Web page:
I found her in her favorite morning fishing spot, though she grew angry and flew farther downstream before I had my camera ready. I readied my lens and crept to the top of the bank as off she flew!
This isn’t in a park or conservation area, this is right in the middle of Carnegie. I dropped my car off for service and walked back home, dipping down by the creek, studying a few industrial areas, walking down a few alleys instead of main streets and then walking on Main Street itself.
Chartiers Creek winds through the middle of town and beyond in both directions, and a colony of great blue herons nests about 11 miles away, considering the entirety of the creek’s channel as their hunting ground. For the most part the creek is less than a foot deep, and today the air turned slightly warmer again, warming the water and bringing out the small creek fish, carp and darters. The heron stands on the gravel on a shallow edge of the creek and as the fish swim between her legs she just reaches down with that long neck and picks them out of the water with her beak like tweezers.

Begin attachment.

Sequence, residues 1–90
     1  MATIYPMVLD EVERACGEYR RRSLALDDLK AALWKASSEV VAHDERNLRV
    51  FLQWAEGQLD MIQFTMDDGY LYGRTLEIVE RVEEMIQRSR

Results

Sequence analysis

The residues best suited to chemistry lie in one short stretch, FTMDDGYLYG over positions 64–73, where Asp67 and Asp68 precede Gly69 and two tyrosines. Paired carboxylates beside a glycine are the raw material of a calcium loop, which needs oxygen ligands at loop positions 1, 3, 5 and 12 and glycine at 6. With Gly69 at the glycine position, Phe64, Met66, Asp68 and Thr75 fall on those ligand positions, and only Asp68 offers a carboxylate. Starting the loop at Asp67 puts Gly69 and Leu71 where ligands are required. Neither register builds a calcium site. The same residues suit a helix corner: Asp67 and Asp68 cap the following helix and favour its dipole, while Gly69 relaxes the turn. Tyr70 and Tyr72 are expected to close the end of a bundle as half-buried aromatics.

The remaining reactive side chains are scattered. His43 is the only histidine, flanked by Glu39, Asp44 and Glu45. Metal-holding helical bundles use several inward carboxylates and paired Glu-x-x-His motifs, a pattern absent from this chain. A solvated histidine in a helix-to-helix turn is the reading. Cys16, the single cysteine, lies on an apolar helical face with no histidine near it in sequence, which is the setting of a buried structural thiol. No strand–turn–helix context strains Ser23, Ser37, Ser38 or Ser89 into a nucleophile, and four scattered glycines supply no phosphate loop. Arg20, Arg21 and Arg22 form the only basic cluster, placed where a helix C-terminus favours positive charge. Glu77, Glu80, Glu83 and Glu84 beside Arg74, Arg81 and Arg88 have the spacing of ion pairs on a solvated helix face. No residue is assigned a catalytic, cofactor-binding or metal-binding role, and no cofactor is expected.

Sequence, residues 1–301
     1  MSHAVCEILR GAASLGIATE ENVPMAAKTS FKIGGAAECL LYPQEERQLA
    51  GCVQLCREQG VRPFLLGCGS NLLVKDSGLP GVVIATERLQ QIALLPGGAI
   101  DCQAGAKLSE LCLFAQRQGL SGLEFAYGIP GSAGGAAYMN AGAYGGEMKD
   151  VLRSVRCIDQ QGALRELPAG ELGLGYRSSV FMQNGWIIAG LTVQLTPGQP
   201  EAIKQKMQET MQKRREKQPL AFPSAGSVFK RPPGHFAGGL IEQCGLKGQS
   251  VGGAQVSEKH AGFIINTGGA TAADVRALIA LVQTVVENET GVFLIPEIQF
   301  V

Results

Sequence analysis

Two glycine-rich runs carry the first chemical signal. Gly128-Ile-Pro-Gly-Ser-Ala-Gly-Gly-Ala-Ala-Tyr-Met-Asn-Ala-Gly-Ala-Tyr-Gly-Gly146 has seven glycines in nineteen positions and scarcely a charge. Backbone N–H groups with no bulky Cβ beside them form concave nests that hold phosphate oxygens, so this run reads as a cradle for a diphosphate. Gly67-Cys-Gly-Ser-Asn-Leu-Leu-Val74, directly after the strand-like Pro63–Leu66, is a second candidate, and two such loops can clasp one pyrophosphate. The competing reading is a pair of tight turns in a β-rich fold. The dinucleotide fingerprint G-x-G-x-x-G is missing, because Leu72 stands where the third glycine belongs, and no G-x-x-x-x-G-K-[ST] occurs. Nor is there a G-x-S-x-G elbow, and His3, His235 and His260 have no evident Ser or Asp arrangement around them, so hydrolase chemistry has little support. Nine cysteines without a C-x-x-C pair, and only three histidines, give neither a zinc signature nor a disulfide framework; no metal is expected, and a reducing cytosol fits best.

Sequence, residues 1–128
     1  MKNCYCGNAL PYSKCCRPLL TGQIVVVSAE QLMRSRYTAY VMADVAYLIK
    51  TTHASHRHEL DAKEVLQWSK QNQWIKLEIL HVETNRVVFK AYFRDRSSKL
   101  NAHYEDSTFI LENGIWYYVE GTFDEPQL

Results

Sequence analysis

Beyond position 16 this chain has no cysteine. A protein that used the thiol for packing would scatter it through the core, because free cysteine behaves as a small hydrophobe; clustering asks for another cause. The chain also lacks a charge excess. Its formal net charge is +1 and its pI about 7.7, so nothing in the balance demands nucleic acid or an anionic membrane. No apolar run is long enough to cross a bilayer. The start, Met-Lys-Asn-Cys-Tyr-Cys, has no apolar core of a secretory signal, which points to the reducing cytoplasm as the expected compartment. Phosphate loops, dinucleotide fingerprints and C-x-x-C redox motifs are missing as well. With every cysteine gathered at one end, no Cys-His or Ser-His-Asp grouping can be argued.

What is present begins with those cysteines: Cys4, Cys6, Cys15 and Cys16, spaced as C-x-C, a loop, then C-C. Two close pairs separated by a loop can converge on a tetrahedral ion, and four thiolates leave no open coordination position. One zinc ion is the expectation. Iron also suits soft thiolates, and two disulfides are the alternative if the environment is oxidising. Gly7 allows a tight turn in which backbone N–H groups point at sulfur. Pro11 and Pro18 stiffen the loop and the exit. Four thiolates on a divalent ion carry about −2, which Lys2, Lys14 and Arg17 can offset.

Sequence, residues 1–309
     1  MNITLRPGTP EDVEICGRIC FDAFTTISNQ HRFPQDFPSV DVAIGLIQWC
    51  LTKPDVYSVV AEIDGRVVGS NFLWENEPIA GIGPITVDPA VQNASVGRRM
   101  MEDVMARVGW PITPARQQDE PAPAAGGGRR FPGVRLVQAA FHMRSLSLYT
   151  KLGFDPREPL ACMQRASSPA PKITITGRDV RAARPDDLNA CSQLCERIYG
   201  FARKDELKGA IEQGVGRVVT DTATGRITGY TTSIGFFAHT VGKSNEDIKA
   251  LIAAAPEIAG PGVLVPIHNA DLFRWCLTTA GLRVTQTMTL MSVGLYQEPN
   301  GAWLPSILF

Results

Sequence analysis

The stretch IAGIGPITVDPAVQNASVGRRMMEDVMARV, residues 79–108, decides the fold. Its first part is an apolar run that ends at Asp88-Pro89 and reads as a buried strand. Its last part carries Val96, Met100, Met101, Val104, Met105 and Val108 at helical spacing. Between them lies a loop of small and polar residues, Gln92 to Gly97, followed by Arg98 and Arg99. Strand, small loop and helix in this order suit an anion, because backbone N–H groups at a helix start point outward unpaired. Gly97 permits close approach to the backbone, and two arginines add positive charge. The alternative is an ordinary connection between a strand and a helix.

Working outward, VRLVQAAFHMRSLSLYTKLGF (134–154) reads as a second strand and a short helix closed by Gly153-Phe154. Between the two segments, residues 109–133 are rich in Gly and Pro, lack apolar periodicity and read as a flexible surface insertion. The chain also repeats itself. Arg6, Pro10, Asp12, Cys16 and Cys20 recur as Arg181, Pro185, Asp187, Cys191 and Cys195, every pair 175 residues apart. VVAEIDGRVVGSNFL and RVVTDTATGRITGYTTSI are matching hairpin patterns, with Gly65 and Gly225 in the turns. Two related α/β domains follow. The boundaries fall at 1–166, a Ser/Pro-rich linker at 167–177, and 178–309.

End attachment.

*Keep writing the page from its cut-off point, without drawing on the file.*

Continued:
When the heron is standing still in the water, she is so slender that she looks like a twig or thin tree branch standing up in the water. But when she decides to fly she is hard to miss as she looks like a prehistoric creature, some sort of pterodactyl, with her long beak, long hooked neck and immense wingspan, plus those long gangly legs. Not to mention she is quite blue.
Those big, long wings are so graceful that I can’t even describe it.
I’ve been playing in this creek since I was a child. Both the heron and the fish she eats are signs that a creek horribly polluted by industrial waste has found a new life. I’m glad to see it coming back.